PhD Theses and The Postmodern Condition

[posted by Gavin Robinson, 7:55 am, 5 June 2011]

A few weeks ago I ordered a PhD thesis from EThOS. A few days later they got back to me to say that the university in question wouldn’t supply the thesis for digitization because they didn’t have the author’s permission. In some ways that was a relief because it saved me the time that I would have used up reading it and the £40 digitization fee. Arguably the university and author have lost more because they’ve just missed out on a citation which would have marginally contributed to their reputation and given their research more ‘impact’. Maybe one consequence of digital history will be that material that isn’t easily available on the web might as well not exist. Which is exactly what Lyotard predicted in The Postmodern Condition in 1979 (p. 4):

The nature of knowledge cannot survive unchanged within this context of general transformation. It can fit into the new channels, and become operational, only if learning is translated into quantities of information. We can predict that anything in the constituted body of knowledge that is not translatable in this way will be abandoned and that the direction of new research will be dictated by the possibility of its eventual results being translatable into computer language. The “producers” and users of knowledge must now, and will have to, possess the means of translating into these languages whatever they want to invent or learn. Research on translating machines is already well advanced. Along with the hegemony of computers comes a certain logic, and therefore a certain set of prescriptions determining which statements are accepted as “knowledge” statements.

We may thus expect a thorough exteriorization of knowledge with respect to the “knower”, at whatever point he or she may occupy in the knowledge process. The old principle that the acquisition of knowledge is indissociable from the training (Bildung) of minds, or even of individuals, is becoming obsolete and will become ever more so.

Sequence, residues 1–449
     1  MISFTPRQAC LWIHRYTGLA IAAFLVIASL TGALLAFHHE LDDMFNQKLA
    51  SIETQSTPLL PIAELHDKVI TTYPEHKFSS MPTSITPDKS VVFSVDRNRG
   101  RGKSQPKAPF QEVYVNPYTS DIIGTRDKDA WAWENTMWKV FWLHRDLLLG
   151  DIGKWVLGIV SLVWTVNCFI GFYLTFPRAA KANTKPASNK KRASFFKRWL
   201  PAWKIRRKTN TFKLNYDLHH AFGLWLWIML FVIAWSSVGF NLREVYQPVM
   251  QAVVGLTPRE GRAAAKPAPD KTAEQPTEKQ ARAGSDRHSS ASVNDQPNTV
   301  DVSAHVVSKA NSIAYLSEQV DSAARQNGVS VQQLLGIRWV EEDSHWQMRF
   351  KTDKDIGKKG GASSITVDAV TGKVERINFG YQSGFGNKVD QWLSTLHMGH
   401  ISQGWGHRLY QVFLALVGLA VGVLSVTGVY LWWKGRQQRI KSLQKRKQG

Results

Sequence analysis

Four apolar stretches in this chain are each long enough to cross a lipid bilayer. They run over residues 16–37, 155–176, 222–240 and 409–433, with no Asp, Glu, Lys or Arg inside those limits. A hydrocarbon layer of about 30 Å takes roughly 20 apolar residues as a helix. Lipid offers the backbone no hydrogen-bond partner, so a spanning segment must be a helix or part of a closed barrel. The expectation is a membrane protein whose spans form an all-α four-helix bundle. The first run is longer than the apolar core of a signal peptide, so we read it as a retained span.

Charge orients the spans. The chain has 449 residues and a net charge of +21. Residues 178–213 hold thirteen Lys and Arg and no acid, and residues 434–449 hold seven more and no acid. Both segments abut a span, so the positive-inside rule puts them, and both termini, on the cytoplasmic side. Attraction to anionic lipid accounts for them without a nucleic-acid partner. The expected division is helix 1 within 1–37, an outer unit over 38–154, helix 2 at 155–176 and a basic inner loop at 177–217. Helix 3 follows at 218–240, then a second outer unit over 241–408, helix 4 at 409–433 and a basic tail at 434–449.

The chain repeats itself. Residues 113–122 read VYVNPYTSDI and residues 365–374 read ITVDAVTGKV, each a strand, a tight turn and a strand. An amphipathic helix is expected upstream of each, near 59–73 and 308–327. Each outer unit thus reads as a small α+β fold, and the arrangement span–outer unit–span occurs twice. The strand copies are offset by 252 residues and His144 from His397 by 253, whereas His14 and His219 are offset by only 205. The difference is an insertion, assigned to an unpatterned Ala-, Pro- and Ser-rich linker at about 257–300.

This book should be one of the foundational texts of digital history, but apparently it isn’t.

  1. Jean-Francois Lyotard, The Postmodern Condition: A Report on Knowledge, trans. G. Bennington and B. Massumi (Manchester, 1984).

 

Reasons not to be suicidal

[posted by Gavin Robinson, 3:41 pm, 7 May 2011]

I’m still dreaming of a time when everyone is sick to death of Labour and Tories, but that time isn’t now. There are still some crumbs of comfort:

Further on “On Revisionism”

[posted by Gavin Robinson, 11:41 am, 7 April 2008]

More thoughts relating to my last post on Glenn Burgess on revisionism. I was making what might look like esoteric theoretical points there, and it might not always be immediately obvious how that applies to the existing historiography in practice. Anti-theory polemic often constructs a false dichotomy between all points of view being equally valid on the one hand and only one objective truth being valid on the other. I think things are more complicated than that. Although I reject objectivity I do think that there are many interpretations of history which are invalid for various reasons, including being internally inconsistent, not being very well supported by their own evidence, or even contradicting the laws of physics. But once we’ve dismissed all these interpretations as being impossible, we could potentially be left with many interpretations which are possible. This is where we get the theoretical issues that I wrote about before. It might not be possible, or even necessary, to choose between all these possible interpretations and choose a single correct one.